His Janus Overseas Fund (JDIAX) has lost nearly 29 percent this year, ranking it in the bottom 3 percent of its foreign large growth category. Janus Overseas’ performance has suffered partly because its recent 38 percent weighting in emerging markets stocks is more than triple the average of its peers. Stocks in the world’s fastest-growing economies have fared worse than those in developed markets this year.
4. Bill Gross – Fixed Income Manager of the Decade (2000-09)
The manager of the world’s largest fund, the $244 billion Pimco Total Return fund, recently wrote a letter headlined “Mea Culpa” to shareholders, acknowledging his off year. Total Return (PTTAX) has posted a 2 percent gain this year, trailing 91 percent of its peers in its intermediate-term bond category. It’s the worst performance in more than a dozen years for Gross, a three-time winner of Morningstar’s bond manager of the year title, in addition to honors covering the last decade. He’s lagging this year primarily because he avoided investing in low-yielding U.S. Treasurys, which have rallied as investors have sought out the least-risky assets. Gross began buying government bonds in July, but it hasn’t been enough to turn around performance. “This year is a stinker,” Gross wrote in his October letter to shareholders. “Pimco’s center fielder has lost a few fly balls in the sun.” He cited his failure to foresee the global flight to quality investments triggered by the European debt crisis and the impact of the political impasse in Washington on the country’s growth outlook.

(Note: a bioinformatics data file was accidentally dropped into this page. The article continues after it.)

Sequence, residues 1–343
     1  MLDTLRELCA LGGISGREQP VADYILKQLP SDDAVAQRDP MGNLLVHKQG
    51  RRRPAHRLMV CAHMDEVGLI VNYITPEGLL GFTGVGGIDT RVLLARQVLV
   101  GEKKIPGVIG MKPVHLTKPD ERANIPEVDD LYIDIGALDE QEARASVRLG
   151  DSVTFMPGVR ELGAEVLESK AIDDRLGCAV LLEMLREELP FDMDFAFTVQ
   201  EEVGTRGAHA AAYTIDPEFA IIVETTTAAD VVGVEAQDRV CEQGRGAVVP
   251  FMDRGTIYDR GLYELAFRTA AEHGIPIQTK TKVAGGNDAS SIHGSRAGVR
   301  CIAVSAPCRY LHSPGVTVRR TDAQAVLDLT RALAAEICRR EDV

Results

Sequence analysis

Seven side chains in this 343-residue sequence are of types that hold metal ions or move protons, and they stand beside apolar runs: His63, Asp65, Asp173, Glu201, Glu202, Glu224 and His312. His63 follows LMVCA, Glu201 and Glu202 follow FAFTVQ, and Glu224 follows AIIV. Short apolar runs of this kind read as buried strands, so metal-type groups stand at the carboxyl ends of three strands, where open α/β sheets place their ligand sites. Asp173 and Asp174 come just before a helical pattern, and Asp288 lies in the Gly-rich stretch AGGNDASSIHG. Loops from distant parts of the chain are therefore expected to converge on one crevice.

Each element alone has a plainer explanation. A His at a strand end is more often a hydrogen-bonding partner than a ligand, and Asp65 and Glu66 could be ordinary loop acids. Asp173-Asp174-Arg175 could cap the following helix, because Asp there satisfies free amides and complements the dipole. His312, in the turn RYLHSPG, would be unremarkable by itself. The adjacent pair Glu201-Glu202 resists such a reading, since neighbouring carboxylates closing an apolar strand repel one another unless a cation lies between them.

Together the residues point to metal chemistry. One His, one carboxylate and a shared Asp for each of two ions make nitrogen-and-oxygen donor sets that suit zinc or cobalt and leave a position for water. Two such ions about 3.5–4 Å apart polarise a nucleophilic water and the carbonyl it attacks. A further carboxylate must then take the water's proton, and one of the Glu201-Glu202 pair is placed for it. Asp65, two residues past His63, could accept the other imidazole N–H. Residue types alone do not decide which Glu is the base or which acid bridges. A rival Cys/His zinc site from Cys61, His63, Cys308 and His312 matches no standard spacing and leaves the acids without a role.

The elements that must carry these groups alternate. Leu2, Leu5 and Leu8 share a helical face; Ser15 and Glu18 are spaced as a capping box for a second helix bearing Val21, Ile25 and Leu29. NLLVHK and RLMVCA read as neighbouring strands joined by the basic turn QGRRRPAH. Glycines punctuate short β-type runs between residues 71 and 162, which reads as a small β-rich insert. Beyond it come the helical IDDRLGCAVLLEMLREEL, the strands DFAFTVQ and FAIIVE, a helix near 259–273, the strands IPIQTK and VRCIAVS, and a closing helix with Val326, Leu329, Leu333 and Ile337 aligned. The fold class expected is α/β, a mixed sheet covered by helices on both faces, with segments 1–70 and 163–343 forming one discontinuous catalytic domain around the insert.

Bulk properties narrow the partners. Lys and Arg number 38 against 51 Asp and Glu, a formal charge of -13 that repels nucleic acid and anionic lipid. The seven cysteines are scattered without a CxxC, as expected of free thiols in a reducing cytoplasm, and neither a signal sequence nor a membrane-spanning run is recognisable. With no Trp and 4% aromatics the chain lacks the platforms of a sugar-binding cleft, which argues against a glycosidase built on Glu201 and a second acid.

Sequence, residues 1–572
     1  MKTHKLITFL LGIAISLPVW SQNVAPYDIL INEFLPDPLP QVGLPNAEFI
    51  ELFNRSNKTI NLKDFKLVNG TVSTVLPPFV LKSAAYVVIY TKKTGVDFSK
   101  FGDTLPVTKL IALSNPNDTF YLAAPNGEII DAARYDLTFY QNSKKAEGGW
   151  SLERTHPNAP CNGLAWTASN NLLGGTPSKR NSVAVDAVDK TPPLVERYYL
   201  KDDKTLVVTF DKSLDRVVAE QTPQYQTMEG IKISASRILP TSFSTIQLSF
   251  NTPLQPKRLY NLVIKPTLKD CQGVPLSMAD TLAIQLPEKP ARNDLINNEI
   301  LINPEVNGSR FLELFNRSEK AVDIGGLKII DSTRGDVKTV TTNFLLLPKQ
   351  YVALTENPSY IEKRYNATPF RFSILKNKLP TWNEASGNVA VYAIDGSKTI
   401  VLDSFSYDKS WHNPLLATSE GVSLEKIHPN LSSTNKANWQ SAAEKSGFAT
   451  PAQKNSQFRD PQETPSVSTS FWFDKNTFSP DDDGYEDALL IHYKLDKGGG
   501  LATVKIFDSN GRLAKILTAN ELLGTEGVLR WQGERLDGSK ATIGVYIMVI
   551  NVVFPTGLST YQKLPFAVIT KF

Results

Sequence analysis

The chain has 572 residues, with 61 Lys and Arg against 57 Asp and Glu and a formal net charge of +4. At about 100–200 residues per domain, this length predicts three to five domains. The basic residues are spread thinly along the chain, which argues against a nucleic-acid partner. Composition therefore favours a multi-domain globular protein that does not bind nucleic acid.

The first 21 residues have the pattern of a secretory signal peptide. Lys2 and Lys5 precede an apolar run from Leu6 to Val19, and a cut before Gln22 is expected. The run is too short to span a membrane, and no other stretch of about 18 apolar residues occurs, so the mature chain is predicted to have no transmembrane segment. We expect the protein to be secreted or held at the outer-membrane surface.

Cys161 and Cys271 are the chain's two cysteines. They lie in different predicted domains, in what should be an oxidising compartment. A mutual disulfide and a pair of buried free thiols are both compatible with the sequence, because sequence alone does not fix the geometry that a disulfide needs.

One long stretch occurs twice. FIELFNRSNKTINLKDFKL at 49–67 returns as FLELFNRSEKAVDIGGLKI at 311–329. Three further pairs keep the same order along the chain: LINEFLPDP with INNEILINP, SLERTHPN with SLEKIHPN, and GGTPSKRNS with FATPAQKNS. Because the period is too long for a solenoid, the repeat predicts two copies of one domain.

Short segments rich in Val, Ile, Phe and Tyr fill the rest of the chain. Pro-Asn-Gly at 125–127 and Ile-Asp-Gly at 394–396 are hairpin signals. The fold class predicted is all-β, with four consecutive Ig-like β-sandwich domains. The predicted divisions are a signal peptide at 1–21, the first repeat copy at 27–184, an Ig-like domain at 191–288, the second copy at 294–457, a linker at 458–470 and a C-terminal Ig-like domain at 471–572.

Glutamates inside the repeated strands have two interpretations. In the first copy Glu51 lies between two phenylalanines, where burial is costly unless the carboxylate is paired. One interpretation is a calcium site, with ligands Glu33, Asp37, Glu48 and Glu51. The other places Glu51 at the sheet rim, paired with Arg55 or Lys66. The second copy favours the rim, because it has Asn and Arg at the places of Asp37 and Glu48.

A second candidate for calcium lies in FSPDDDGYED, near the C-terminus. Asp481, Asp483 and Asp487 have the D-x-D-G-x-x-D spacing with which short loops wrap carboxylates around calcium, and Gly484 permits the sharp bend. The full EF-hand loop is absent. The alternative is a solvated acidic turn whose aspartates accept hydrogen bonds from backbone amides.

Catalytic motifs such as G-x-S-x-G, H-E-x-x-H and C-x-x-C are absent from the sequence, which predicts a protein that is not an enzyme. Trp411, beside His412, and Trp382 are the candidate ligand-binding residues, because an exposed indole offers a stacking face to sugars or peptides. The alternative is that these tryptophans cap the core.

5. David Herro – International Stock Manager of the Decade (2000-09)
His Oakmark International Fund (OAKIX) is down nearly 13 percent. That’s in the bottom 25 percent of its category — uncharacteristic for a fund that finished in the top 2 percent the previous two years. Four of the fund’s top holdings as of Sept. 30. were financial stocks, and each is down more than 30 percent this year. A smaller fund that he also runs, Oakmark International Small Cap, is having a middle-of-the-pack year in 2011.
Among the eight funds honored by Morningstar since January 2010, just one remains a frontrunner. Sequoia Fund (SEQUX) — last year’s stock fund of the year, run by Robert Goldfarb and David Poppe. It has returned 12 percent this year, in the top 1 percent among large-growth funds.
Sequoia’s record, however, illustrates a point worth remembering: An off year here or there doesn’t make a specific fund unsuitable for long-term investment. Sequoia finished in the bottom 3 percent among its peers in 2006 and 2009. Yet it maintained a strong long-term record because of its frequent top results.
Kinnel says shareholders who took Morningstar’s recent awards as a cue to invest in one of the five slumping funds may end up doing fine, if they stick with it for the long haul.
He points out that most manager of the year winners dating to 1987 continued to deliver strong long-term results after they were honored. Kinnel expects that will also be the case with Morningstar’s three selections for its next annual awards, to be named next month.
“It’s certainly not a jinx to win,” he says. “When you look at short-term results, it can end up being just a lot of noise.”
Questions? E-mail investorinsight(at)ap.org